Supervising an Intern? Give as Much as You Ask

intern and supervisor

Most social-impact work isn’t particularly glamorous; few of us enjoy personal assistants or fully-staffed administrative departments. However, what you will find plenty of in this sector are passionate and hard-working interns.

If you’re lucky enough to have intern support, it may be tempting to breathe a sigh of relief while handing off important administrative tasks or wish-list items that you haven’t quite gotten around to, and quickly jump back into whatever project you were working on. But it’s important to remember that an intern is in your office to learn, and if you take the time to fill the role of mentor and teacher, you’ll find that you get a lot more out of the arrangement.

Gain a fresh perspective

We all get stuck in a rut now and again. Teaching an intern about how your organization, team, or job works can break you out of old habits by forcing you to think through and optimize daily processes. Discovering opportunities to improve how you work not only has the potential to make you a more productive social-impact professional, it can also be a teaching moment for your intern.

Don’t be afraid to say, “You know what? I think there may be a better way to do this. Let’s sit down and brainstorm a better process!” You may be surprised at the fresh ideas an eager intern can bring to the table.

Recruit the next generation of talent

Because internships have an end date, it can be easy to see interns as little more than temporary hires. Why waste time and energy training someone who’s just going to leave in six months? And, sure, sometimes interns do leave, never to communicate with you again. But many times, interns go on—either immediately or in the future—to work for the very same organizations where they began.

When you mentor a promising intern, you increase the likelihood that she will choose to stay with your organization long term. When that happens, the training you provided during the course of the internship becomes training she won’t have to go through when she starts working for you full time. Everyone wins.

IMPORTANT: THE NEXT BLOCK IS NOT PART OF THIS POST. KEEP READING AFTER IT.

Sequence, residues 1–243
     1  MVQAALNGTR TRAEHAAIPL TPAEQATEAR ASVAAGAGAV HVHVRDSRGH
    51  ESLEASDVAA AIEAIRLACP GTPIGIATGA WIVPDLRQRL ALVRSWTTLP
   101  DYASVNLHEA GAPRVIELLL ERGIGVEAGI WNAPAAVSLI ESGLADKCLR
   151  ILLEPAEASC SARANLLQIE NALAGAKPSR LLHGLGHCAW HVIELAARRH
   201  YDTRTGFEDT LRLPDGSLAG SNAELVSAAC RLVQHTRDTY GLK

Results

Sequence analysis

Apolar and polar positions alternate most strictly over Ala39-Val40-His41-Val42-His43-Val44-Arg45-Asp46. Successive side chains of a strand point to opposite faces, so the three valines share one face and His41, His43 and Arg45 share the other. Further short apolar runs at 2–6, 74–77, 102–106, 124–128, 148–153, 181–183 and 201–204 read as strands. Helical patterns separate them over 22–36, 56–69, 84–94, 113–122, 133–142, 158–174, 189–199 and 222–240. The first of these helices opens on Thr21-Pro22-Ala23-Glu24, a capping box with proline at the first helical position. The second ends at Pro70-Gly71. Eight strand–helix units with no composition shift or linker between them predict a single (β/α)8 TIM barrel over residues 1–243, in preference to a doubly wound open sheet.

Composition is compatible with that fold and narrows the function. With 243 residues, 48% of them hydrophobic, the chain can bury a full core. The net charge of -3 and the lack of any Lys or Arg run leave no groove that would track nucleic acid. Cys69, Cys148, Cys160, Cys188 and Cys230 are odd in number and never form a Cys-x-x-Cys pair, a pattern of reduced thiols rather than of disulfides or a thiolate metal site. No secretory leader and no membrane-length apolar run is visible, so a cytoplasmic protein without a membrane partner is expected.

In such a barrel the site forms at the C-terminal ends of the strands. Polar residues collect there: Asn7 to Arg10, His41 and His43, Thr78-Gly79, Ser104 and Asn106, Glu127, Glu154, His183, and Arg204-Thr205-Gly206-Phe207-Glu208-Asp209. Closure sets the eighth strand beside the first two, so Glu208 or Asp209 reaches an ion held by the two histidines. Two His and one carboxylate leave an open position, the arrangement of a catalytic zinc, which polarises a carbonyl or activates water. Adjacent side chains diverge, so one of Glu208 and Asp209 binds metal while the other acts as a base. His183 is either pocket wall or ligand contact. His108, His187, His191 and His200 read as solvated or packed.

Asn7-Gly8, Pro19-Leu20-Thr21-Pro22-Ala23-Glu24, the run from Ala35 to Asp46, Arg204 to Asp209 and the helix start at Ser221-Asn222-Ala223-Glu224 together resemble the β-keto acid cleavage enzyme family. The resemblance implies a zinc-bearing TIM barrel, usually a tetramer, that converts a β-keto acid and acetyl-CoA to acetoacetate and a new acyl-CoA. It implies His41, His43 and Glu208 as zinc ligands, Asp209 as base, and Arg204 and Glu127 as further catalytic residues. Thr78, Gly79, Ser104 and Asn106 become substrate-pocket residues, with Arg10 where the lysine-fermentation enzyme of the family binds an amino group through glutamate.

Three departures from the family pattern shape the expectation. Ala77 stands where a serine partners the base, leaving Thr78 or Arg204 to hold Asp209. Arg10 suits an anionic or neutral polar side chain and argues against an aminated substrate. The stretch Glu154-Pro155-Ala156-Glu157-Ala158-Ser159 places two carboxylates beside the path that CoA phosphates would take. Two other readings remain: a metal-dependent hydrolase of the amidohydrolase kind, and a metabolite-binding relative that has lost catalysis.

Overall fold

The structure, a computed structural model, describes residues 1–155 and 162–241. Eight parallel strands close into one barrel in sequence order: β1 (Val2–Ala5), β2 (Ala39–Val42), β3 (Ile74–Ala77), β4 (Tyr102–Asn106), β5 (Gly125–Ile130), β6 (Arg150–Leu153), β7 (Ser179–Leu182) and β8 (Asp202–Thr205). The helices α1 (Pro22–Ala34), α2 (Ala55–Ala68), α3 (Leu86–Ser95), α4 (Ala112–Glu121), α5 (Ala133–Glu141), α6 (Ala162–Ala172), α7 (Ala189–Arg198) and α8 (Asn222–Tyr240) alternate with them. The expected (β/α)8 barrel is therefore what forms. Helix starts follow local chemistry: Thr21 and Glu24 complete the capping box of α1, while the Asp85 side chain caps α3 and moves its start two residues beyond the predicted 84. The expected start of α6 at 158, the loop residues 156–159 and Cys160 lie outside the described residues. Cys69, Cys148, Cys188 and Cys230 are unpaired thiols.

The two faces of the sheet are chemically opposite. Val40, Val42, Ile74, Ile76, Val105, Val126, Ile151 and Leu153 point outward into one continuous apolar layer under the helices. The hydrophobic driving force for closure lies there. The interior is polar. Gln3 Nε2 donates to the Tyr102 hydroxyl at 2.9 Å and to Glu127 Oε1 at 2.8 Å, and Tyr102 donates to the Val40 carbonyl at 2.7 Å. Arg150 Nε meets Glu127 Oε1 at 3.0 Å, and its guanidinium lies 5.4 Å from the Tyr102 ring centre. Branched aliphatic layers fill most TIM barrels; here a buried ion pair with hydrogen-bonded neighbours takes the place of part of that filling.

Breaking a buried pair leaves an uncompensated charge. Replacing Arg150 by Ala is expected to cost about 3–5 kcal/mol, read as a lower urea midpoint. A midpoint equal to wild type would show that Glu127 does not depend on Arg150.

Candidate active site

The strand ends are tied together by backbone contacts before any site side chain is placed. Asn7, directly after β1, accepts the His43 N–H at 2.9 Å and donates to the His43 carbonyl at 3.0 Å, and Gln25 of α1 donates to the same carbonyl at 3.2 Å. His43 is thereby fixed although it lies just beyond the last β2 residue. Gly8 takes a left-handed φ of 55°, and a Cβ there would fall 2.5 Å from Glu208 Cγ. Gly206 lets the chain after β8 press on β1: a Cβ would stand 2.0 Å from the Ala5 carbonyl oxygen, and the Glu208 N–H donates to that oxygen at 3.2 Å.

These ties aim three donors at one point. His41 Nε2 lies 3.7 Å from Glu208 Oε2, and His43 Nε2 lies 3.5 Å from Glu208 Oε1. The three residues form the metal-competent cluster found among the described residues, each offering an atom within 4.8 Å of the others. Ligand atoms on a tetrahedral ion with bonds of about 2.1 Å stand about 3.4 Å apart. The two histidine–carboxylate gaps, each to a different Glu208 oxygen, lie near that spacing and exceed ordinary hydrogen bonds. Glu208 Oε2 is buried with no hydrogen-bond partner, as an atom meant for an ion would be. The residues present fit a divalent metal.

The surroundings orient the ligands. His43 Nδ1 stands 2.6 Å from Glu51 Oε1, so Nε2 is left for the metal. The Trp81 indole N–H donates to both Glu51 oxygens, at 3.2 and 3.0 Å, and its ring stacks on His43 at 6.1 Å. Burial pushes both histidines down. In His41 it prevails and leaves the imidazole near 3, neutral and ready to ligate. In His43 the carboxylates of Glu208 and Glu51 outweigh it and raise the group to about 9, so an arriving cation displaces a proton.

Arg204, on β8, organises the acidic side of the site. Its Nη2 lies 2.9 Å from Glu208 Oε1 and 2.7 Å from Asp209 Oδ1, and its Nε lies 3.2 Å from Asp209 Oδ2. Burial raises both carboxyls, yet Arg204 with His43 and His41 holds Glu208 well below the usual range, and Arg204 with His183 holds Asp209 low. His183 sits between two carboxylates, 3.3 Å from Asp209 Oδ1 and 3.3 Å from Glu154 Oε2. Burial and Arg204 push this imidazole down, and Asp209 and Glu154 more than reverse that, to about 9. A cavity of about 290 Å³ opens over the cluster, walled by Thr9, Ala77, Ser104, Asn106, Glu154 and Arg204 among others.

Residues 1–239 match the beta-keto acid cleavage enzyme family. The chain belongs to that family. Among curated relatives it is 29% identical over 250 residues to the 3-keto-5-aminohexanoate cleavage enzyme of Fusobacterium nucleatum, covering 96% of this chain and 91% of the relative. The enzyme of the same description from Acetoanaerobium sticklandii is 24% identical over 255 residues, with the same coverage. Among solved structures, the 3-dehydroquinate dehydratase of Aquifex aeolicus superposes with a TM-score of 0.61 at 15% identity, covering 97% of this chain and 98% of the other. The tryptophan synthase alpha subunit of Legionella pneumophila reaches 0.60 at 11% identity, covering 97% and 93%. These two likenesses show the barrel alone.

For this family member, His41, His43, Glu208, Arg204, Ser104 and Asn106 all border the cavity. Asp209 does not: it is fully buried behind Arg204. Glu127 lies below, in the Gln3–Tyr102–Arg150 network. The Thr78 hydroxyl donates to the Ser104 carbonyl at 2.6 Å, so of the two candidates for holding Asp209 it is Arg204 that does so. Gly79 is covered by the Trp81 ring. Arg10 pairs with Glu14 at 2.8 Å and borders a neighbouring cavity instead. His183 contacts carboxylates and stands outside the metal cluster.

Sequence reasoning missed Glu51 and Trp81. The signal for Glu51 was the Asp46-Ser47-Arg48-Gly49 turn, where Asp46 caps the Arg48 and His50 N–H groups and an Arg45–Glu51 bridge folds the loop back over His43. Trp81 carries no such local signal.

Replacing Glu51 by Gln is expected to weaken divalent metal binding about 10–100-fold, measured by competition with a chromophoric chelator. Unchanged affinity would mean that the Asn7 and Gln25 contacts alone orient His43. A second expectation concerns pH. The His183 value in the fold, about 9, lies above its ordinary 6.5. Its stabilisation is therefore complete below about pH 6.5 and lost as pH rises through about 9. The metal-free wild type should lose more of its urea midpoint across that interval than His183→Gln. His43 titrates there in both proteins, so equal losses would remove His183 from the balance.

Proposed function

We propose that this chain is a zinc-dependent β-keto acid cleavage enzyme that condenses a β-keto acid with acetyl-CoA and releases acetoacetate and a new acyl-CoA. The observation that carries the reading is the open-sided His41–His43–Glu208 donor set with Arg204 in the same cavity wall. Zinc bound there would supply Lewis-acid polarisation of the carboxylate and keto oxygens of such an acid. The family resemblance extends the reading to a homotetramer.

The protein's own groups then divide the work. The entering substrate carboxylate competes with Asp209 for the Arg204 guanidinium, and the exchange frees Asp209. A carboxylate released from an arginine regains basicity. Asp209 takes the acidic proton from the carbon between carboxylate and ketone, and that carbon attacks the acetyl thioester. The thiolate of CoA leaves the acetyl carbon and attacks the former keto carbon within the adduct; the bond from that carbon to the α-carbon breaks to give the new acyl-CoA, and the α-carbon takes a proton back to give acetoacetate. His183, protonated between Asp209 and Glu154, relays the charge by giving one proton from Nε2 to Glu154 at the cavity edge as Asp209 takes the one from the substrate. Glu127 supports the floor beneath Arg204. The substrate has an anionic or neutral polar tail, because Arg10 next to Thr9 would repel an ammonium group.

Model the ethics you value

On a broader level, mentoring an intern is a chance to model the culture you’d like to see in your organization. Generosity, patience, and kindness are personality traits most social-impact professionals value but sometimes forget to call upon when facing the challenges of working with someone with little or no work experience.

Working with an intern can reaffirm the importance of how we interact with each other, be it on a global stage or in the office. Taking the time to slow down and explain things models the importance of education among colleagues and from supervisors, and treating mistakes as learning opportunities is a great strategy for delivering tough feedback. Valuing an intern’s opinions shows a willingness to welcome and consider ideas from all people, be they in your organization or someone on the outside.

Interns become ambassadors—for better or worse

Eventually, you’ll part ways with your intern. Maybe it will be after their semester is over, or maybe it will be after you’ve worked together for ten years. Either way, you will be sending an ambassador out into the world of social impact. How that ambassador describes your organization depends largely on the relationship you’ve built.

Taking the time to be a patient, hands-on mentor helps you, your organization, and your intern. That’s an outcome that feels even better than clearing the backlog of internal mail off your desk!

***

Is there an internship that shaped your social-impact career? Or an intern who surprised and impressed you? Tell us about it in the comment section!

Tags: , ,

Related Posts

by
The Size of a Nonprofit Organization Matters | Here's Why Are You Sure You Want to Move There?

Comments

  1. Reply

    Excellent and intelligently written post … this will help me out of the funk I’ve found myself in lately .. thanks!

Leave a Reply

Your email address will not be published. Required fields are marked *

This site uses Akismet to reduce spam. Learn how your comment data is processed.

9 shares